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Navigating alternative finance loans: What to look out for

Angry Boss

The Australian SME market is undergoing an exciting change with more options available to business owners looking for alternative finance solutions to the ones offered by the big banks.

However, the Australian Alternative Finance Industry has been flooded with inexperienced entrants mainly from offshore institutions offering quick fix cash loans to Australian SME owners without any experience or understanding of the Australian business sector.

At first, these lenders may appear attractive with their ability to provide fast money for a struggling business. There are a number of red flags a business owner needs to be aware of to avoid borrowing from potentially rogue entrants.

So, how can you spot a rogue entrant and what are some of the things to look out for?

When you are applying for an alternative finance loan, an approved credible lender will subject the loan applicant to a full credit and background check and will not rely on the wrong channels – anyone can set up a business page on Facebook!

A rogue entrant may be quick to loan money and many do not have a stacking policy – meaning you can borrow a substantial amount from numerous lenders at the same time, so the repayments ‘stack up’. This could mean that you could find yourself in a very dire situation if you borrow from more than one lender at once, and cannot adhere to your financial repayment commitments. Credible Australian alternative lenders are working together to provide transparency for the loans they provide, and do insist on having a stacking policy.

At present, the alternative finance industry does not have any formal regulation, so weeding out the good from the bad may seem like a daunting task. Here are a few tips you can follow to ensure that you are borrowing from a reputable alternative institution:

  1. Reputation – how long has the company been in operation? Has it been through a full credit cycle?
  2. Application process – how is the lender assessing your business to meet its loan criteria?
  3. Knowledge – does it have an understanding of the Australian SME sector and more importantly, your industry? What is its track record there?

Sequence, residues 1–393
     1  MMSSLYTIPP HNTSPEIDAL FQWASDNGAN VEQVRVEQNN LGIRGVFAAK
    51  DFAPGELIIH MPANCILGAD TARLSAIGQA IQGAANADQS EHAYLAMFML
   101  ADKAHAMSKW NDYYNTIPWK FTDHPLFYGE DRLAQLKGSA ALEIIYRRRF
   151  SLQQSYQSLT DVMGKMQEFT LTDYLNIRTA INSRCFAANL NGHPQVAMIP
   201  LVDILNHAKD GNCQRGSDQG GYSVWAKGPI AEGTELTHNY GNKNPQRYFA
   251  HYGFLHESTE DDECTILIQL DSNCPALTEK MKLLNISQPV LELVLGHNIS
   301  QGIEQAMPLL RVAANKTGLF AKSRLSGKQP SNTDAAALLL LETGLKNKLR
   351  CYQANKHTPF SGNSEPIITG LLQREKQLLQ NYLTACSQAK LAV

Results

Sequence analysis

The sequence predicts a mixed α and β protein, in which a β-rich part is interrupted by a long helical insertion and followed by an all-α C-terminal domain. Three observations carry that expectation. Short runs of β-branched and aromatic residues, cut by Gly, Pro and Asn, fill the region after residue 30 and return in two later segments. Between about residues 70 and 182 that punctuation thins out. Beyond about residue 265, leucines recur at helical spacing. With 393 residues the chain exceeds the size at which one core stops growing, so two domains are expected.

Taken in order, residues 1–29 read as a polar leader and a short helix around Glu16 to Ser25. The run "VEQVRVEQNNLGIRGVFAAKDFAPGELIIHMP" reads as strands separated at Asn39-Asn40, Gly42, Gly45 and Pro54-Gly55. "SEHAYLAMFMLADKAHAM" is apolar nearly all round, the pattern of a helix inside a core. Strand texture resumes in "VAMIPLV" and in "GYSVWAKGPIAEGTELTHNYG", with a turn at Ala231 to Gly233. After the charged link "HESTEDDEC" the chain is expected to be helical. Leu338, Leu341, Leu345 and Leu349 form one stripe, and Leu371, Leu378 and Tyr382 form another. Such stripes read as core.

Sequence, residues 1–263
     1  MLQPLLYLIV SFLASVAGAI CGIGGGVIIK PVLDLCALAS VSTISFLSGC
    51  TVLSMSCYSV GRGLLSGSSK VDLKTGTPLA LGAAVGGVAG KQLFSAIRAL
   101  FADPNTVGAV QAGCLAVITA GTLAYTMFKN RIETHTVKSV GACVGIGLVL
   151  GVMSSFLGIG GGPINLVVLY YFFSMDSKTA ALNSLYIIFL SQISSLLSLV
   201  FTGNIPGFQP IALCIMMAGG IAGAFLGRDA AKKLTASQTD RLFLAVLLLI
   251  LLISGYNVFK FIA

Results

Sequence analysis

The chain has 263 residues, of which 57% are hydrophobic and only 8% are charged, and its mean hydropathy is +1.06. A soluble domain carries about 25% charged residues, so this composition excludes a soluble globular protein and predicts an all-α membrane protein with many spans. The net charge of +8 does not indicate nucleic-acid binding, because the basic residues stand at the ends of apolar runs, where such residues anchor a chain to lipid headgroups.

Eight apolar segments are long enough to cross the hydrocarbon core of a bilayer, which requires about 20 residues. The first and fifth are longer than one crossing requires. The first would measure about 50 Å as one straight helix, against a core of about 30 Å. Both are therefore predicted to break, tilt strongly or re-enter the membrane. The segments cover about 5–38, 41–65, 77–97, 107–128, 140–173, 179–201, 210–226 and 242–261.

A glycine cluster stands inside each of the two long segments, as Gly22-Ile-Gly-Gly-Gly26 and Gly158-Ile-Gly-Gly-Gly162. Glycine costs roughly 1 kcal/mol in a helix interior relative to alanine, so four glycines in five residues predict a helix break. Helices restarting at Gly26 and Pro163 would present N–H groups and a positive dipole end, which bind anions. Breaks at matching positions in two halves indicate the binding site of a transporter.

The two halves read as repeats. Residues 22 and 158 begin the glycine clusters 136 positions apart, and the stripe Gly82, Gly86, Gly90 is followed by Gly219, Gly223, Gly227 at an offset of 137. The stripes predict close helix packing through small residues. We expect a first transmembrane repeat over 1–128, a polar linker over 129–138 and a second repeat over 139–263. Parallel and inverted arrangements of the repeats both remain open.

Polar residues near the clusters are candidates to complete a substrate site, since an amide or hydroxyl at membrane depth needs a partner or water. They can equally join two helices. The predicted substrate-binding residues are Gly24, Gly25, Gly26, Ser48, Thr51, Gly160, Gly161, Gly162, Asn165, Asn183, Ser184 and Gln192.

Once you separate the credible lenders from the rogue entrants, you are ready to apply for a loan. Navigating the world of alternative finance may seem like an obstacle course and there are common mistakes a business owner can make.

Here are some ways to avoid the pitfalls:

  1. Choose a loan that works with your cash flow – e.g. smaller, daily repayments so there is less pressure on overall cash flow.
  2. Over commitment – Do not take out more than one loan at a time with alternative lenders as they are easier to get finance from. This can be a trap. Ensure your financials and all the information you provide are correct.
  3. Serviceability – Make sure you have the ability to repay your loan on time and allow a contingency for unexpected events.
  4. Have a plan for your finances – As this is working capital, SMEs need to think about the best way they can use the finance to benefit their business. Also make sure you allow for down turn periods.
  5. Choose a creditable/reputable provider who has a long established history.
  6. Choose a provider with a variety of products and solutions so that they can form a customized solution for your finance needs.

If you follow these tips, not only will choosing a reputable alternative finance lender be a lot easier, you will also avoid making costly mistakes.

About the author:

John De Bree, Managing Director, Capify, pioneers in unsecured alternative business finance. John joined Capify in 2010 as head of the Australian operation and pioneered the alternative lending market in Australia. John is a highly successful leader with a proven track record in achieving strong profitability, winning new business and developing and growing existing business at a senior level.

John has over 25 years experience in senior management roles with major financial service organisations including American Express, Mastercard Worldwide, St. George Bank and Diners Club.